Students with Multiple Disabilities

Handouts from an Alberta workshop by Dr. Jan van Dijk:
General Resources for Working with Students who have Multiple Disabilities

Lilliworks Active Learning Foundation
‘Active Learning’, a term coined by Dr. Lilli Nielsen, describes a learning technique that was developed for use with children who have multiple disabilities.  Active Learning techniques often involve the use of specialized equipment.  This website provides more information about using this approach, as well as an on-line discussion board and a venue from which one can purchase Active Learning equipment and additional resources.

Basic Orientation and Mobility for Students with Multiple Disabilities
This article, written by Fabiana Perla (Optometrist) and Walter Ducret (Overbrook School for the Blind), provides a list of considerations that one should keep in mind when working on O & M skills with children who have multiple disabilities.

TSBVI’s Directory of Standard Tactile Symbols
This site, by the Texas School for the Blind, provides the user with a photographic guide to popular tactile symbols.

This program, developed by the Northern Grid for Learning, “is a suite of programs designed to help teach early ICT skills to people with profound and multiple learning difficulties, those who need to develop skills with assistive input devices and very young children new to computers”.  This program can be downloaded onto your computer or run directly from their website and is provided as a free resource for parents, careworkers and teachers.

TSBVI Light Box Strategies
For students with multiple disabilities, light boxes are often used to stimulate looking behavior.  This is a list from the Texas School for the Blind’s website that contains 50 different strategies for using the light box.

Resources for Working with Students who have Cortical Visual Impairment (CVI)

Cortical Visual Impairment and other Eye Conditions in Children with Multiple Disabiliites 
A powerpoint presentation put together by Chris Marshall that provides an overview to eye conditions that are common in children with multiple impairments, including CVI.  Other topics include multi-sensory learning, assistive technology and assessment.  

APH CVI Website
This website, sponsored by the American Printing House for the Blind that is exclusively dedicated to CVI, contains a wealth of information and resources on CVI including articles and videos, shared stories, environmental supports, intervention strategies and more. 

Overview of CVI
This page provides the reader with a good one-page overview of CVI and its characteristics.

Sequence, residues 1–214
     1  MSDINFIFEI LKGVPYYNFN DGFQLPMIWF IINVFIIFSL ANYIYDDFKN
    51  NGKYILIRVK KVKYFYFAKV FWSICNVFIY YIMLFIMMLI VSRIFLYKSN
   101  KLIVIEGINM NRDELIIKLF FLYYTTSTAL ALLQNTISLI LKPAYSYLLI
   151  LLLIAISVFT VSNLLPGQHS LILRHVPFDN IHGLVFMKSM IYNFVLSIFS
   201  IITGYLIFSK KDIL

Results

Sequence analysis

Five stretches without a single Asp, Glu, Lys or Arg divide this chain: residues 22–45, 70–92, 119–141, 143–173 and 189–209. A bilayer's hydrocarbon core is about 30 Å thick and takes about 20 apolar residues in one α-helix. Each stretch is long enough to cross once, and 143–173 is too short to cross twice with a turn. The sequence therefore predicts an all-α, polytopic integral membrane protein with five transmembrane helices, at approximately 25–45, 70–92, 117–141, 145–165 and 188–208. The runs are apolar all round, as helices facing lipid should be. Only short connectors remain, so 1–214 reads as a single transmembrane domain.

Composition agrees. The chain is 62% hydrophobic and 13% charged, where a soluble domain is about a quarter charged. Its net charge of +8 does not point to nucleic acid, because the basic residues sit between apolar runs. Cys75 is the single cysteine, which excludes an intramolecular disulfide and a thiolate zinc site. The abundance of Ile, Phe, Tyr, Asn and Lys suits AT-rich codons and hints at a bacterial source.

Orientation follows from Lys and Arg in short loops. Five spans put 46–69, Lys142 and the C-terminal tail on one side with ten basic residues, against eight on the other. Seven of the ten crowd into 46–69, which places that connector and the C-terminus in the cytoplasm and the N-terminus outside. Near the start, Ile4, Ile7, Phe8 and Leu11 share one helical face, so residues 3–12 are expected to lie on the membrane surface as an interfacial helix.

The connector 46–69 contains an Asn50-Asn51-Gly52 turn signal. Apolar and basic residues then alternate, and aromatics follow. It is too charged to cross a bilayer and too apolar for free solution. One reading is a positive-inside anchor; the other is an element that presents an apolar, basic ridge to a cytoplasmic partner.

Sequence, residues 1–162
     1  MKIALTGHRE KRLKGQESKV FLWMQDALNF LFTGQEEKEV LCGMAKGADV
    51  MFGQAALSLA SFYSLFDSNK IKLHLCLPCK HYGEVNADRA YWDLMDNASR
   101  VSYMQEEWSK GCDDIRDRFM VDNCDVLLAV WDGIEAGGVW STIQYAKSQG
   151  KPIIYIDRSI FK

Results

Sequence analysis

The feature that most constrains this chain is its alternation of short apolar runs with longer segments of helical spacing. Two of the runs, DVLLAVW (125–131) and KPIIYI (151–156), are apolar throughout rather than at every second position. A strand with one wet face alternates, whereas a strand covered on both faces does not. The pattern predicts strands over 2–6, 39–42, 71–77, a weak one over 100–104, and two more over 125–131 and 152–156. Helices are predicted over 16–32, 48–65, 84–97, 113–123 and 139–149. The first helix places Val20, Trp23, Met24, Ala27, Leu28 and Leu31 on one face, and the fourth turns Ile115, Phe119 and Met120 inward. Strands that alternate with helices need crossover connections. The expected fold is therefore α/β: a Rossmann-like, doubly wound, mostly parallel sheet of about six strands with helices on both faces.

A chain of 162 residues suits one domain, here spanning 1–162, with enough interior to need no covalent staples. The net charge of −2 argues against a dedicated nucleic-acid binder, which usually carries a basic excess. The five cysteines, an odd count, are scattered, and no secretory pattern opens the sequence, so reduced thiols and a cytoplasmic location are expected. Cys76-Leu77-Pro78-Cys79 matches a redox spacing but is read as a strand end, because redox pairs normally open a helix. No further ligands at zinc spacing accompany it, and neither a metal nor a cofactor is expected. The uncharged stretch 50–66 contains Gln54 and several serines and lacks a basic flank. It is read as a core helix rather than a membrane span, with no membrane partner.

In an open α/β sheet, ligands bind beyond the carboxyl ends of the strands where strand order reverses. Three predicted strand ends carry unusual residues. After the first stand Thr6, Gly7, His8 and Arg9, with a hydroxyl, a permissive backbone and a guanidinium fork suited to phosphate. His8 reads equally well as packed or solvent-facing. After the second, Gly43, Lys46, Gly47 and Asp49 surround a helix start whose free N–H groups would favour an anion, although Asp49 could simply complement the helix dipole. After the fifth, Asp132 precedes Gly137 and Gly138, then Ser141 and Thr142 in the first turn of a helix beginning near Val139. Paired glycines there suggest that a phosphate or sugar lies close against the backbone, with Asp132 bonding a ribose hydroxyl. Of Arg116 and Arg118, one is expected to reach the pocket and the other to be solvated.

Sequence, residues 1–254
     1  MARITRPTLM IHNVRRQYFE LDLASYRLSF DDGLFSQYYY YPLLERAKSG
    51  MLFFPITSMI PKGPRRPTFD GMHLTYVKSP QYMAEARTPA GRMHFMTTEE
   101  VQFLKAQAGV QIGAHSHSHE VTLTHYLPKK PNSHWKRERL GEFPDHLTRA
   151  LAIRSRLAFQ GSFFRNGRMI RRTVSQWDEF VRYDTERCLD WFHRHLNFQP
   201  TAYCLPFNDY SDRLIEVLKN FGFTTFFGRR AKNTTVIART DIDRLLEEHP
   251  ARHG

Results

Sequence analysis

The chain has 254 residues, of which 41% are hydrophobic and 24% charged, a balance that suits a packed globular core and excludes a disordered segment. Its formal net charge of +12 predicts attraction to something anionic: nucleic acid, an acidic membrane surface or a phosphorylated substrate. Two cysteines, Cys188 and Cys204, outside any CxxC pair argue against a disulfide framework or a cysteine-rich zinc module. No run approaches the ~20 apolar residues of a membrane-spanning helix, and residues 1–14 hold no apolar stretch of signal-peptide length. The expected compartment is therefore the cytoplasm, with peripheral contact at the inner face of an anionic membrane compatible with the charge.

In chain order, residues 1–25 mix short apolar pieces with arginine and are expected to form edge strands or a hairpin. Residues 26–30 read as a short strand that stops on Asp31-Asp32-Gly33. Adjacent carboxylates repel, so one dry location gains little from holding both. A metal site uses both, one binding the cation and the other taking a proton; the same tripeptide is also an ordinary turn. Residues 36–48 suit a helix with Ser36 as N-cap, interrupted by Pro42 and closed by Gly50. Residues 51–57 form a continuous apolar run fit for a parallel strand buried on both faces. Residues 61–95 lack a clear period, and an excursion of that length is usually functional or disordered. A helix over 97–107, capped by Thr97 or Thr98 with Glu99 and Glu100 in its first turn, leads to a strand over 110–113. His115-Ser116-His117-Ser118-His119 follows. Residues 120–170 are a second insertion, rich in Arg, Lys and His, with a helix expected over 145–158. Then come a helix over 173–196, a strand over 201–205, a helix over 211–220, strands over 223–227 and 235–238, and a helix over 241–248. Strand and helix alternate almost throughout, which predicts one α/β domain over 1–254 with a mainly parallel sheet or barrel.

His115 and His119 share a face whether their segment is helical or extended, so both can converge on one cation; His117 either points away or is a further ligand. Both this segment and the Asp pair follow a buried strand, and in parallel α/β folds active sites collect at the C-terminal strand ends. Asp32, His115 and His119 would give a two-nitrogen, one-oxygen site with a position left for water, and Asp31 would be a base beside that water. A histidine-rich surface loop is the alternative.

Neurological Visual Impairment Fact Sheet
This article, housed on the Texas School for the Blind’s website, provides the reader with an overview of Neurological Visual Impairment, or NVI.  NVI is a broader term, which includes such conditions as: Cortical Visual Impairment, Delayed Visual Maturation, and Cortical Blindness.  This article provides a description of NVI, as well as teaching strategies for working with students who are affected by this condition.

An article by Tanni Anthony detailing an overview of the current knowledge pertaining to CVI. 

Questions to ask Parents of Children with CVI
This list of questions, formulated by Christine Roman-Lantzy and compiled by Irene Kovats, would be a helpful resource when interviewing parents of a child with CVI.

Resources for Working with Students who have Autism and Visual Impairment

Childhood Development Charts
This pdf docusment, written by Gense & Gense (2002), provides the reader with a listing of various developmental characteristics for children in three categories: children who are experiencing typical development, children with vision loss, and children with vision loss and autism spectrum disorder.  This information is provided in a chart format for easy comparison and use.

Questions & Answers on Autism and Visual Impairment
This article, housed on the Texas School for the Blind’s website, provides the responses to seven questions pertaining to Autism and Visual Impairment.

Differences in Children with Autism who are Sighted vs. Children with Autism who are Visually Impaired
This article, housed on the Texas School for the Blind’s website, describes symptom presentation differences in children with autism who are visually impaired, and those with autism who are sighted.